There are many studies that look at how deployment and serving in the military can impact an individual's personal life, specifically marital relationships. Previous research has studied the rates of divorce among female service members as well as the affect a military divorce can have on children of military personnel.
Now a more recent study is looking at a contributing factor in divorce: infidelity. How are extramarital affairs related to military service members? Could this be affecting the rate of military divorce?
The extensive study looked at both current and former U.S. military personnel who have been married and asked whether the individuals have had an affair. The results showed that the number of military personnel members who admit to having an affair is twice the number of those not in the military.
It is important to note that these results do not mean that the military itself is what's causing the affairs. It also does not mean that the rate of divorce is directly linked to the rate of affairs. However, it raises the concern that things like long deployments and emotional trauma can create distance between married couples.
One hypothesis as to why the extramarital affairs rate is higher among military personnel is because of the nature of military service. In certain environments, service members can experience heightened stress and anxiety. This could create unique bonds between personnel and possibly result in an affair, further distancing the service member from his or her spouse who is stateside.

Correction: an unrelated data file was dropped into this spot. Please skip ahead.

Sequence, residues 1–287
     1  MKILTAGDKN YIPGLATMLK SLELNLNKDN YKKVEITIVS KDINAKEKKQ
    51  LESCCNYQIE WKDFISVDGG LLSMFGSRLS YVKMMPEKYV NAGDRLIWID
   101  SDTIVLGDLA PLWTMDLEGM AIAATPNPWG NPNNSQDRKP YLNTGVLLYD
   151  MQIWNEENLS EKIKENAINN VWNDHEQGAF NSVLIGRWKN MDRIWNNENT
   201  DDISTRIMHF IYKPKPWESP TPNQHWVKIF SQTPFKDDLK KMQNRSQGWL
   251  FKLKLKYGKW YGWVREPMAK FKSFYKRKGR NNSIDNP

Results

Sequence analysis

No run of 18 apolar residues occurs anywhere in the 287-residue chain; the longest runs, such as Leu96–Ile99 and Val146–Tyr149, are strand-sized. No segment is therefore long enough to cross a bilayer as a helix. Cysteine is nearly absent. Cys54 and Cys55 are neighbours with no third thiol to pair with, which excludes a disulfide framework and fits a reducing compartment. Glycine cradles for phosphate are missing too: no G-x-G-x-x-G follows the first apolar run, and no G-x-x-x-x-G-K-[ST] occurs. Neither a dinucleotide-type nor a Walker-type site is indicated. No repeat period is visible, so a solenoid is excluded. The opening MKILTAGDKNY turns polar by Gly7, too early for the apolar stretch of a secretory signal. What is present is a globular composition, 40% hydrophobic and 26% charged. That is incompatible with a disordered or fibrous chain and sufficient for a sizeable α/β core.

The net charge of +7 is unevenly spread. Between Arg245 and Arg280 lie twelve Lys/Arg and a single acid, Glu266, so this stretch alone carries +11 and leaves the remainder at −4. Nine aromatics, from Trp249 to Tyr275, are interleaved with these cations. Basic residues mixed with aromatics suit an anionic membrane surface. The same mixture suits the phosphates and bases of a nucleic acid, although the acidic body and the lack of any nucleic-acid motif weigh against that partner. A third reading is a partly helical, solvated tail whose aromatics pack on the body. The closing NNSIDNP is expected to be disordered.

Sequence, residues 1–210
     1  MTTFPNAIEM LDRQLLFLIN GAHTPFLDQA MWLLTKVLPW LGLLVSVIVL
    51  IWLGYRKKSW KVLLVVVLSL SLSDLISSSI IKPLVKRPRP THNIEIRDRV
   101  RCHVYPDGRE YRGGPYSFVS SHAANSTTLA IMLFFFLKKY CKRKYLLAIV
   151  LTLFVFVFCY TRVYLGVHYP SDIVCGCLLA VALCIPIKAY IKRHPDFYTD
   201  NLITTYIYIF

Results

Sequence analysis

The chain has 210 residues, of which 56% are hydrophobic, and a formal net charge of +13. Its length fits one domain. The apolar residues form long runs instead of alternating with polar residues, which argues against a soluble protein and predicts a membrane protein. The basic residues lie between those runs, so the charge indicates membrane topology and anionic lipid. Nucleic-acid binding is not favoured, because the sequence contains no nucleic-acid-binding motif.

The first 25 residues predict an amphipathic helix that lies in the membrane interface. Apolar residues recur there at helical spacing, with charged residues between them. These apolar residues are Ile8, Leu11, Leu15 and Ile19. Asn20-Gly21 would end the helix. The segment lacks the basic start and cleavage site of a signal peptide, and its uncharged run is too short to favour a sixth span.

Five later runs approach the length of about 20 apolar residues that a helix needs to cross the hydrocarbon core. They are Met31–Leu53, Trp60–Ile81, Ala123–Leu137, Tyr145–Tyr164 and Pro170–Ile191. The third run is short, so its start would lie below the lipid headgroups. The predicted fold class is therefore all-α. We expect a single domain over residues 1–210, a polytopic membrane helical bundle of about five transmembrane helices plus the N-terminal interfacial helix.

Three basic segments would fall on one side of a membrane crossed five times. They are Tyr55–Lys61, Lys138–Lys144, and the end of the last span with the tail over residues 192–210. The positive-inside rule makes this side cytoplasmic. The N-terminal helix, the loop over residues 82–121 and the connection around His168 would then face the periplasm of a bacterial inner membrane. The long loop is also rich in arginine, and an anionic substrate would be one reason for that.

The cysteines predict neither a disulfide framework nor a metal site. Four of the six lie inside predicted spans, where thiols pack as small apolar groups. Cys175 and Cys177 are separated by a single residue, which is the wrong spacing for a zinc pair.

It is common knowledge that divorce affects many families in the U.S. and involves issues like child custody, child support, and spousal support. While these issues are a part of military divorces, there are additional considerations when one spouse is an active member of the military. Deployment and additional Army regulations surrounding child support and military benefits can complicate a divorce. It helps to speak with someone who understands the military divorce process - this can lead to results that both parties can agree to.
Source: U.S. News and World Report: "Service Members Twice as Likely to Have Affairs: Study," Randy Dotinga, Aug. 26, 2011
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